“A mentor told me, ‘Never doubt yourself if someone else thinks you can do the job.’ – Sara Ling, Senior Manager, Knowledge and Content Management with Veritas
The United States possesses about 12.3 million women-owned trading bodies at present. According to the data from the National Association of Women Business Owners (NAWBO), in the year 2017, over 11 million United States organisations are owned and operated by women, contributing over 1.8 trillion dollars every single year, which contributes quite generously to the nation’s overall economy. The same scenario is now coming to the fore in India as well. A booming percentage of new businesses and start-ups have been initiated in India over the last few decades a substantial per cent of which belong to women entrepreneurs. The figures are certainly shattering the gender stereotypes prevailing in the nation.
Business, management, and administration have no longer remained the forte of male professionals only, but rather women executives are also making way for themselves at a swift pace. Women are adding an entirely new dimension to the definition of management leadership with their regrettably less explored corporate and business skills.
Still, what keeps female executives from exploring senior managerial positions today?
Aruna Jayanthi, CEO India Capgemini, Gargi Banerjee Koul, Founder and CEO Élanstreet.com, Roshni Nadar, Executive Director and CEO of HCL Corporation are some of the inspirational names for ambitious women population of India. Despite the progress that women have made in the domains of entrepreneurship, business leadership, and managerial accomplishments, recent surveys state that a majority of women hesitate to take up such accountabilities and roles or simply divert careers from reaching senior management positions. Comparatively low self-reliance in business skills, unconscious biases, difficult access to finance and networks, and definitely, lack of family support emerge as some for the prime reasons for women staying behind in line when it comes to entrepreneurship and administrative roles.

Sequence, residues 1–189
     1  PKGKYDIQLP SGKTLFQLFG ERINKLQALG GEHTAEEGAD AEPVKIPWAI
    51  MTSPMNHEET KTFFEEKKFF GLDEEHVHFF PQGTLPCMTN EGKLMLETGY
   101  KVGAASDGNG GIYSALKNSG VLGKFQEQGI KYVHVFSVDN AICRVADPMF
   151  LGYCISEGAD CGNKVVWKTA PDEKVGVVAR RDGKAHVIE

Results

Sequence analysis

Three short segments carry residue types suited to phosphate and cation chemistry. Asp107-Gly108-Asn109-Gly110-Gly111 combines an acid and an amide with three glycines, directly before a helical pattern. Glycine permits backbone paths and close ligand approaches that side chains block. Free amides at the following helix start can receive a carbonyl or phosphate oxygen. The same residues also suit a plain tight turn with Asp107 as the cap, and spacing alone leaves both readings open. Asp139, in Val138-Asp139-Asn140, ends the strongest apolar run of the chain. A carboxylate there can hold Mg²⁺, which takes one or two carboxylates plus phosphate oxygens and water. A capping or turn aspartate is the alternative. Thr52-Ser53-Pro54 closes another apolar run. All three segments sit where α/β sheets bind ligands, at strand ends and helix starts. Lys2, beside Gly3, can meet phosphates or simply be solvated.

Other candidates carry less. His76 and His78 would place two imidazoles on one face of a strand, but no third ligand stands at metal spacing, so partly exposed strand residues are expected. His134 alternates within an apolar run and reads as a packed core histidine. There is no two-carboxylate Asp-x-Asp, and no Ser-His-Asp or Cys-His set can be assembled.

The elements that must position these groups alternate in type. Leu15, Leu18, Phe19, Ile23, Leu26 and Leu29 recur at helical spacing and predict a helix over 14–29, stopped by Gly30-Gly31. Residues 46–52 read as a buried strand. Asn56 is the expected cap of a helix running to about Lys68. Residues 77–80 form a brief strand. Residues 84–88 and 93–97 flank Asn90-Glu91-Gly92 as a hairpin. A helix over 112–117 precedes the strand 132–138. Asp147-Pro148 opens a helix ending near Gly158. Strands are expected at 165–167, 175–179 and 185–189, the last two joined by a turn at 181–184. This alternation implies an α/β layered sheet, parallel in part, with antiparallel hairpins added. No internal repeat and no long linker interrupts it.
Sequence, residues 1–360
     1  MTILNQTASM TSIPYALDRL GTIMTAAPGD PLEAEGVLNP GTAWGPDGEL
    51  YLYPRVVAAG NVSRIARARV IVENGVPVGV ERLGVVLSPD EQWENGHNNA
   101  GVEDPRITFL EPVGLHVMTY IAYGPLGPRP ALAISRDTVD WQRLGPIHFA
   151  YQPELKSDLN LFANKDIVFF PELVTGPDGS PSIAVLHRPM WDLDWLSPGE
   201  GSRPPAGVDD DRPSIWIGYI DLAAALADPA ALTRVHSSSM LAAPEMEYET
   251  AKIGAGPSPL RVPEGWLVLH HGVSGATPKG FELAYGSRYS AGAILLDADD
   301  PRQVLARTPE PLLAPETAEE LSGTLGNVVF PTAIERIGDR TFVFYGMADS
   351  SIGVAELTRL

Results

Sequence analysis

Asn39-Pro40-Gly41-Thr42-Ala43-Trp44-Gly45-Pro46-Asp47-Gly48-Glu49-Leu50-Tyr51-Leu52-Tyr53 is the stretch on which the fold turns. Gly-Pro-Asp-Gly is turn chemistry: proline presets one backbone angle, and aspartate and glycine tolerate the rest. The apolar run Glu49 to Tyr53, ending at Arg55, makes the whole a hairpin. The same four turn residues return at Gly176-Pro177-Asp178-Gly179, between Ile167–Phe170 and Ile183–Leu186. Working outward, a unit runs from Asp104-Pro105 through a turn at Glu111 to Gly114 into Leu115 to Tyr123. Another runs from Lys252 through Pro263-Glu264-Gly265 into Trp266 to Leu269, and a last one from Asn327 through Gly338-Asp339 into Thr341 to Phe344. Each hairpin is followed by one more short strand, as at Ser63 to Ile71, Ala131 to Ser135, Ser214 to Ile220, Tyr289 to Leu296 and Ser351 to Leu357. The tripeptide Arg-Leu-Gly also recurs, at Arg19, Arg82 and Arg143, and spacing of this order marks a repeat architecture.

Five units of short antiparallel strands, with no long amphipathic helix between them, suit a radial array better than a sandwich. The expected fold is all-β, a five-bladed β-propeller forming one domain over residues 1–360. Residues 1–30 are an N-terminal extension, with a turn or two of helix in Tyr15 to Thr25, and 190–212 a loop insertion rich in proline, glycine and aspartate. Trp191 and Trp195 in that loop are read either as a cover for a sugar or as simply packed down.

Experts believe that the world of business does not run by gender typicality at any cost. It all hinges on the roots of mentalities, knowledge, insights, learning speed, capability, experiences, and most importantly, the educational background and professional training. It has nothing to do with culture, age, or gender when it comes to rising as an active and aware managerial mind in the modern business market. If these detailed but crucial gaps are fulfilled, senior management roles would no longer remain a ‘Man’s Man’s World.’
An overview of what can be done to promote female leadership in India
Educating and empowering women executives to develop into successful leaders
Tactfully creating the leadership potential from the very roots
Providing a strong legal perspective to working women in India
Inspiring women to step out of any existing boundaries to explore social dimensions
Enhancing their inborn interpersonal, networking skills. After all, the art of communication or handling people’s affairs is one thing that all successful leaders master in.
To aid all the ambitious women professionals in our country to bag senior management and leadership roles, the very prestigious IIM Calcutta has come up with a one-of-its-kind programme, Transitioning into Leadership – A Programme for Women Executives (TLPWE). The programme aims to equip women executives for the needs and demands of the 21st-century business world to help them secure a lucrative and long-lasting career. Delivered by Times TSW, as an exclusive delivery partner for IIM Calcutta’s TLPWE programme in India, it enriches women executives with a strong experiential and theoretical foundation that enable them to understand the underlying issues in the business world and attain a global perspective over ventures. We are now at No.1 in the country in terms of physical centers with 68 centers across the country. Join the league of the most successful women leaders with IIM Calcutta’s TLPWE programme.